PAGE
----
Please submit entries or nominations to by December 19th and I expect to post by the end of the week.


Sunday, December 09, 2007

Sulpicius Severus, Life of St. Martin, 16

Here is the new installment of the St. Martin story by Sulpicius Severus.


Truly, he had the gift of curing people so that almost no sick person came to him who did not immediately receive back his health. This is apparent in the following example: (2) A certain girl from Treveris (Treves) suffered from a serious paralysis so that, for a long time, she did not make use of her body at all. Half-dead in all parts of her body, she trembled with scarcely a tenuous breath. (3) Her relatives were standing near in only the expectation of her funeral, when suddenly it was announced that Martin had come to that city. When the father of the girl found this out, he rushed about to breathlessly beg for (the life of) his child. (4) By chance, Martin was in the entrance of the church. There, with the people and many of the other bishops looking on, the old man, howled and embraced Martin's knees, saying "My daughter is dying from a miserable illness and because that death is very cruel, she lives only by her spirit, now her body is almost dead. I ask that you come to her and bless her: For I am confident that her health must be recovered through you. (5)Martin, dumbfounded by that speech, was struck dumb and retreated, saying that this was not something of which he was worthy, that the old man erred in his judgement, that he (Martin) was not worthy to be the sign through whom the Lord would show his power.

Weeping, the father vehemently pressed Martin and begged that he visit his dying daughter. (6) He, forced to go by the surrounding bishops, descended into the house of the girl. A huge crowd awaited him before the doors to see what the slave of God would do. (7) First, he took up those familiar arms of his in this type of situation, he stretched out and prayed alone. Then, gazing on the sick girl, he asked for olive oil to be given him. When he blessed her, he poured the force of the holy liquid on the girl's face and immediately her voice returned. (8) Then, gradually, each of her limbs began to live through the contact with him (it?). Finally, she got up with firm steps as the people bore witness.


This is the opening of a new section about St. Martin's cures and miracles as opposed to his successful and somewhat miraculous campaign against rural paganism in his region. In this section, the parallels we should be seeking are the biblical ones, especially of Jesus' own healings and miracles. This is in keeping with the stress with any saint's imitation of Christ in that, by their imitation of Christ, these saints share some of the power of Christ for healings and miracles.

I think the pattern we're using here for this miracle is the daughter of Jairus story found in both Mark, 7, 21-43 and Luke 8, 41-56, of course without the encounter with the woman with the issue of blood which is woven into this story by the Gospel writers. The parallels are striking:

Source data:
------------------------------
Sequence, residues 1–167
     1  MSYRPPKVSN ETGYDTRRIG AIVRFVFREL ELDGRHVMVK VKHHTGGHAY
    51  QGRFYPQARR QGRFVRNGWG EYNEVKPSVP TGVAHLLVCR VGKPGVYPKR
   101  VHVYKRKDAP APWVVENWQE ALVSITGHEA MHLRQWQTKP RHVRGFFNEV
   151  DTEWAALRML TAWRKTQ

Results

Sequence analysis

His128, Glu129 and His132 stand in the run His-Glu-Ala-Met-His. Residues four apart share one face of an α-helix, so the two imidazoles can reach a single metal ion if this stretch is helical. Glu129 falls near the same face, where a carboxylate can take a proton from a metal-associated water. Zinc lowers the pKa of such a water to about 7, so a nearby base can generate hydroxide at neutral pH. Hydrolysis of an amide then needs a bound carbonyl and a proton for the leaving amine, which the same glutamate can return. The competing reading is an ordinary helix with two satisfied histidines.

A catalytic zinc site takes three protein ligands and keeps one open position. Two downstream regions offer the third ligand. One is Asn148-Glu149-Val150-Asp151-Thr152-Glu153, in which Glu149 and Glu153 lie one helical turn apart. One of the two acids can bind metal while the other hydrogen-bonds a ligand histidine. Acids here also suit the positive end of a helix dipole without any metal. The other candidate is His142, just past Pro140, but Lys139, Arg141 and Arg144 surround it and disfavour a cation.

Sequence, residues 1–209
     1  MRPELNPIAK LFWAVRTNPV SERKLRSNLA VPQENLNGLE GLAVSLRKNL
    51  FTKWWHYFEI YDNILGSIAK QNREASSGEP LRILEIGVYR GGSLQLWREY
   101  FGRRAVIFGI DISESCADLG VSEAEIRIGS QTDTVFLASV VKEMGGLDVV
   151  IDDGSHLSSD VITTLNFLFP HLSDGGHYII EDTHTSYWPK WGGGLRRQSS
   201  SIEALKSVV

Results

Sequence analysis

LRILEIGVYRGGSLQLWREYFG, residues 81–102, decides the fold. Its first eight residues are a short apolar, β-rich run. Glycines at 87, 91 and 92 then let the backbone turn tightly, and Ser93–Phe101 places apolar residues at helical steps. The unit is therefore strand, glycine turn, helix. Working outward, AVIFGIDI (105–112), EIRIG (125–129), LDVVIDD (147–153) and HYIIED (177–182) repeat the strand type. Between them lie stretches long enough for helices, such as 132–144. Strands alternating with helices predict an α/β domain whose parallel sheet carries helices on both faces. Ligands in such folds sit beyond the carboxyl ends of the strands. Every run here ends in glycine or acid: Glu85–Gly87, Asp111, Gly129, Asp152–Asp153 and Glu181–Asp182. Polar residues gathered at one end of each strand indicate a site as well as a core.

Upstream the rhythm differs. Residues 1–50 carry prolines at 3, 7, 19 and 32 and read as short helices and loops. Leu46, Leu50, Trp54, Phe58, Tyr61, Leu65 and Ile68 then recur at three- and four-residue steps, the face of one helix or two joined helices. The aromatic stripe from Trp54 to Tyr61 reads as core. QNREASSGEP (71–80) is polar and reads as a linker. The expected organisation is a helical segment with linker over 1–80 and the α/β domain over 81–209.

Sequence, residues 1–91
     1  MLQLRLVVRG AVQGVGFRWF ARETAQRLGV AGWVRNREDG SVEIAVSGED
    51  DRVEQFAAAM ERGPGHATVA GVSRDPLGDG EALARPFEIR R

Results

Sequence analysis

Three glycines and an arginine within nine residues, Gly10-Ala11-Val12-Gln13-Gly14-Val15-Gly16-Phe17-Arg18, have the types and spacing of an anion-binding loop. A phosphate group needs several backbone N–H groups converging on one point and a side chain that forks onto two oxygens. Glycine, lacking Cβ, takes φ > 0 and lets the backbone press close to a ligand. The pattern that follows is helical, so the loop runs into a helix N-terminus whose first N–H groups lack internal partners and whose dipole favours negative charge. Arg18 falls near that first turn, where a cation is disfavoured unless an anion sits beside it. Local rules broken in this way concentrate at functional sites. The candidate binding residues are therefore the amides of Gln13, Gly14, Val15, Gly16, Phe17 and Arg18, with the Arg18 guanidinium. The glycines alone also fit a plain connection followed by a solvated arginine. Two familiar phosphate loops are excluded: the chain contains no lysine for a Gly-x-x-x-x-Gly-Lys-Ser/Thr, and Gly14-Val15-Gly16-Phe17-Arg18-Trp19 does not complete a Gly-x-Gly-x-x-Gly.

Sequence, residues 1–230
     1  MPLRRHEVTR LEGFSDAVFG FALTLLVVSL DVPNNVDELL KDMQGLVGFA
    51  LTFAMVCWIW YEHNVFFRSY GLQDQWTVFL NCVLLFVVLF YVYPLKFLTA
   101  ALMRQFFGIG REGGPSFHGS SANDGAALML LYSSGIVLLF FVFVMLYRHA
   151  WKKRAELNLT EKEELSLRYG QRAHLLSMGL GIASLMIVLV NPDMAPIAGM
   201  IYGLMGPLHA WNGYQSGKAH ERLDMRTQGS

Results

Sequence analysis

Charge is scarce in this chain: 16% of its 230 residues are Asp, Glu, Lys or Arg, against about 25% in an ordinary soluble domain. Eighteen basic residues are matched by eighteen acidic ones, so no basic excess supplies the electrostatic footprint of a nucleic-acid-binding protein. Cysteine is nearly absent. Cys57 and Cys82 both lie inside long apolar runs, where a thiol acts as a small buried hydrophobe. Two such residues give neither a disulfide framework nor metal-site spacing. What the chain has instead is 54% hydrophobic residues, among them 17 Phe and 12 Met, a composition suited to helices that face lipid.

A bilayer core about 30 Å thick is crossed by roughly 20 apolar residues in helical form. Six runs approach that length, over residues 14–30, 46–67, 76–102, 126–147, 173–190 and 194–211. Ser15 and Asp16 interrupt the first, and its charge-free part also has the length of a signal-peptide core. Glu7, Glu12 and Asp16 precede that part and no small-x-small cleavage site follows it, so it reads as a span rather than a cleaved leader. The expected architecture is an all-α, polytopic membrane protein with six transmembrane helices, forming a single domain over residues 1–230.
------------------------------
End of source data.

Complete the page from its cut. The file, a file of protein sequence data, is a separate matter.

1. Both Martin and Jesus come to town and are immediately accosted by a desperate father asking for a cure for his dying daughter
2. Both girls are very near death and past the ability of doctors to save
3. Both Martin and Jesus pray in the room with the girl who is miraculous raised to full health.

Of course, there are significant differences, but these differences are, I think, instructive. First, Martin hesitates to go because he doesn't believe he has the power to effect the cure. He only goes because he is pressed by the various bishops with whom he was meeting in the city. This hesitation, of course, is to show Martin's humility and recognition of the limits of his own power. This humility is the mark of a saint and it is very important that Martin not too closely emulate Jesus. At least, if he emulated Jesus' clear confidence in healing, we would think St. Martin arrogant enough to equate himself with Jesus, with God. Furthermore, we know from the Desert Fathers that humility is the very thing that demons and devils cannot endure, so St. Martin's humility is the mark of his sanctity.

Second, the girl in the St. Martin healing isn't dead just yet. While raisings from the dead are a tradition in hagiographical writings, they are usually the culmination of one's healing career, not the beginning of it. If Sulpicius should have introduced such a healing at this point, all the other cures would seem rather an anti-climax. So, as far as composition goes, we have a rather less spectacular healing to start with.

Third, Sulpicius is rather more sensationalistic here than the Gospel Writers. This is in keeping with the rhetoric of the age, but it does put the lie into Sulpicius' claim to be a not particularly polished writer. Perhaps the pathos in this and other scenes might strike one as a little garish and gruesome at times, but that was the style of the age.